Up to 128GB Installed *
MBit support: 256Mb, 512Mb, 1Gb and 2Gb
* Changed to 8GB for Skulltrail
Serial ATA 6 x S-ATA
IDE2 x Ultra ATA
USB Ports 6 x USB 2.0

The sole difference between the official 5400 chipset above and the final Skulltrail version is the reduction in overall allowed memory, at 8GB. This shouldn’t prove a problem for anyone, and if it does, you might need to consider another workstation machine. In my experience, you need to have very specific needs in order to top out 8GB with any given project.

Closer Look at the D5400XS

Where the D5400XS is unique, is with its four PCI-E 16x slots, supporting Quad-Crossfire and NVIDIA SLI. Though neither of those technologies are perfect right now, the support is there for when they are.

Two PCI slots are included as well, for audio, WiFi, RAID or whatever else you may need. Their locations are a little inconvenient if you plan on using two dual-slot graphic cards, as the coolers will cover them. However, instead of placing the second GPU directly below the first one, you could plug it into the third PCI-E slot, effectively opening up the second PCI slot. It’s a workaround, but would also allow more airflow in between both GPUs.

In the case of Quad-GPU, the ideal method would be using cards that have a single-slot cooler, such as the AMD HD 3870 or NVIDIA 8800GT.

The large heatsink assembly is far from being the best-looking feature on the board, but the retail product could be more visually appealing. It does it’s job well, however, which is the important thing.

There is a lot going on in the bottom-right-hand corner. As you can see, all six S-ATA ports are available here, and so is the IDE connector which is cut off in the photo. The BIOS chip is also found here, directly above the BIOS code readout – a nice touch.

The array of pins beside the two large silver/purple capacitors is for the Infrared Transmitter and Receiver headers, should you require them.

The USB headers are located directly to the right-side of the large cooler and also right below it (black, nine pins).

On the top-half of the board are the two sockets, Intel 5400 chipset (underneath the large heatsink), the DIMM slots, power connectors and voltage regulator heatsinks (black, surrounding each socket).

Due to the “Extreme” nature of the platform and its processors, two 8-Pin EPS12V power connectors are recommended, and required if overclocking is to be considered. At current (no pun) time, I can only find three power supplies available that offer such a configuration, SilverStone’s DA1200 and PC Power & Cooling’s Turbo-Cool 1200 and Turbo-Cool 1KW-SR.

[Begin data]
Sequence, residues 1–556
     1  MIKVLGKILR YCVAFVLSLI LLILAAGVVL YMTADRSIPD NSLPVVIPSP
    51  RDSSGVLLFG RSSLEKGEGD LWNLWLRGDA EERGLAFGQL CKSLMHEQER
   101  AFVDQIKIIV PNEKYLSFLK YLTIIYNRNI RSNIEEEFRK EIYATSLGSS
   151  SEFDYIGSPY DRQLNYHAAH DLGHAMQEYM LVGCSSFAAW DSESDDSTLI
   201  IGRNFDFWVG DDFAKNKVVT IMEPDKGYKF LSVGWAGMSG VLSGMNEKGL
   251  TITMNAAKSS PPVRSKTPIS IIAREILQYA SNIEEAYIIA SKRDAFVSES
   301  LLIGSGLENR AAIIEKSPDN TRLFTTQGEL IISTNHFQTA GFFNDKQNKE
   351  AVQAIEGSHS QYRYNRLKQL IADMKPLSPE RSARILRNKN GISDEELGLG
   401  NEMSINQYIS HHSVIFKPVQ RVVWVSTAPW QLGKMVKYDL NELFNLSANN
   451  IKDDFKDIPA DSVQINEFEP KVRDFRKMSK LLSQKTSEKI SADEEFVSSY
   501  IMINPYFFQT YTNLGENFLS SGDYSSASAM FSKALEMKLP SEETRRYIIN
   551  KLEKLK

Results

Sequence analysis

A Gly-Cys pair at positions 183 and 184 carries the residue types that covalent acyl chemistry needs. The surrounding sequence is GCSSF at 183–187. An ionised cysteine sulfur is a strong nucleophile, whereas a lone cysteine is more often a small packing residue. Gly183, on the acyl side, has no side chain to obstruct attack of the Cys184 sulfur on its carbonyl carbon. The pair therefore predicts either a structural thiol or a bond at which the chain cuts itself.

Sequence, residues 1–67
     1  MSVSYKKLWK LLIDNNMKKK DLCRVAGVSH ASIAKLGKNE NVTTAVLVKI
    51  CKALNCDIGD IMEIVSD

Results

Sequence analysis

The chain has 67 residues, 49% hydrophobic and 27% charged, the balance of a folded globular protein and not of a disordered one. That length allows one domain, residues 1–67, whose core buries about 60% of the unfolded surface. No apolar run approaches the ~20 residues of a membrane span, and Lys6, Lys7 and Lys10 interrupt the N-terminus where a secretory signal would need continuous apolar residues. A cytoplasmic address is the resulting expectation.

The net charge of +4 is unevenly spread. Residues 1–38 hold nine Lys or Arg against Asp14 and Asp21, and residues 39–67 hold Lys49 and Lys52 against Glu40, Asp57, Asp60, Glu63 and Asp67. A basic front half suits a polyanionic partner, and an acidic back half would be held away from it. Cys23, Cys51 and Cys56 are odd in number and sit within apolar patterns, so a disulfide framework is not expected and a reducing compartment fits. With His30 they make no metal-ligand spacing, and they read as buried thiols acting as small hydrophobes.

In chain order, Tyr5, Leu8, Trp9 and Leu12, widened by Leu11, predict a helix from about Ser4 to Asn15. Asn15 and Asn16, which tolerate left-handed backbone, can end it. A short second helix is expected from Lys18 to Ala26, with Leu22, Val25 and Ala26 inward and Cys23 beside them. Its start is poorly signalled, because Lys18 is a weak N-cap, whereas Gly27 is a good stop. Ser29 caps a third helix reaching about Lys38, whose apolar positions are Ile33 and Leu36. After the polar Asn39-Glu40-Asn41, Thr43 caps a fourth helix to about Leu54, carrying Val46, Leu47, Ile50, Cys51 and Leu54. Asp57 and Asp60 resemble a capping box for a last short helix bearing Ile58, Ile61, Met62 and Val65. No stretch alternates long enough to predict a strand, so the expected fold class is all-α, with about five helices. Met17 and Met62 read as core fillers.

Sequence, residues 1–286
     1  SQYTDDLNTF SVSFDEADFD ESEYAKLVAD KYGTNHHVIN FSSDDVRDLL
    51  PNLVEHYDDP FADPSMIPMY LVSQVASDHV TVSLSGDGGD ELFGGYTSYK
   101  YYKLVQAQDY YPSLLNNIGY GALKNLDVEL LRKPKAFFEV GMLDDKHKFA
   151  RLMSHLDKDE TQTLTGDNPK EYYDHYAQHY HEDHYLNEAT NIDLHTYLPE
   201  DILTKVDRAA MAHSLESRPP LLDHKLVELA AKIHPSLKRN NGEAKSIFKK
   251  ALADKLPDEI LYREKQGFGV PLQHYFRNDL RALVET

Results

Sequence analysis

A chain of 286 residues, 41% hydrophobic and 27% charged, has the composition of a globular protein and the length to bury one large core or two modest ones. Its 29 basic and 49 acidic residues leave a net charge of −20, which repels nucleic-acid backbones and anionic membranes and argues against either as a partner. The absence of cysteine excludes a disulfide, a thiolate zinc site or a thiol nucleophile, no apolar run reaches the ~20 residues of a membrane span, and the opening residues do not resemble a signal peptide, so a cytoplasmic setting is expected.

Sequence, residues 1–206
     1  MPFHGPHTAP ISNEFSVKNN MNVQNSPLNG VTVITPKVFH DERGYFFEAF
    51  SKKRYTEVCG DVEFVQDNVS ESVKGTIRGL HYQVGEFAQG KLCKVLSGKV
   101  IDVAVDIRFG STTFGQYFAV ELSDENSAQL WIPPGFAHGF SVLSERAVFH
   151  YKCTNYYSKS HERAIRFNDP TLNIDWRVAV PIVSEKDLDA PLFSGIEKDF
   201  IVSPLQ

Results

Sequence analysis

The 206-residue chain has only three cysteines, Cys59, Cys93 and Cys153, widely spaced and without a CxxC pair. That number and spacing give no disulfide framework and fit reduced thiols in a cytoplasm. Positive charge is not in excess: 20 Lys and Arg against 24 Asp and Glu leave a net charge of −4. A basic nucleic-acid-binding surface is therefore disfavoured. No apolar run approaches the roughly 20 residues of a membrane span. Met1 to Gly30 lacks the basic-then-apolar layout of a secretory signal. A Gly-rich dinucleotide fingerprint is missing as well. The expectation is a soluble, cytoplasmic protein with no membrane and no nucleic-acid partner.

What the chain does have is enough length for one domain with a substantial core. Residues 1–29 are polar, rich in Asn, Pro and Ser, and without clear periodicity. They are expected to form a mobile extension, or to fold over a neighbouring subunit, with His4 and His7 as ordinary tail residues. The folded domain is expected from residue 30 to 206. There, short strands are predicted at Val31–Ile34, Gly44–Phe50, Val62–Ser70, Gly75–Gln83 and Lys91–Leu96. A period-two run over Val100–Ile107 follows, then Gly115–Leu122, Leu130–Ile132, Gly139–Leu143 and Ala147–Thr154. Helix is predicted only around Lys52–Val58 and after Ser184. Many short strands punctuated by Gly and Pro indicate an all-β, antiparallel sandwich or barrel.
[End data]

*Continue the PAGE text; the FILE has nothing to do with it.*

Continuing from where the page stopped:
For the utmost in stability, even without overclocking, it’s recommended to purchase one of those, or another that you may find that contains two of the connectors. I will touch a bit more on this on the next page.

The FB-DIMM slots are located in the center of the board – a perfect location. It’s out of the way of the video cards and CPU sockets, so it has little chance of getting in the way of your installation. Because FB-DIMMs can get quite hot, Intel recommends the use of a RAM fan, which is why they included a choice of two fan connectors, surrounding the slots.

Lastly, the back panel includes dual e-SATA ports, 6x USB ports, 1x Firewire, 1x NIC and the 7.1 surround sound Intel HD Audio.

Compared to other motherboards on the market, the back panel might seem a little barren, but everything that’s important is included here. Intel never goes overboard with features, and instead opts to provide a high-quality motherboard that is guaranteed to remain stable at all times.

With the motherboard out of the way, let’s continue on with a look at the QX9775 processor and touch on some installation basics.

Rob Williams

Rob founded Techgage in 2005 to be an 'Advocate of the consumer', focusing on fair reviews and keeping people apprised of news in the tech world. Catering to both enthusiasts and businesses alike; from desktop gaming to professional workstations, and all the supporting software.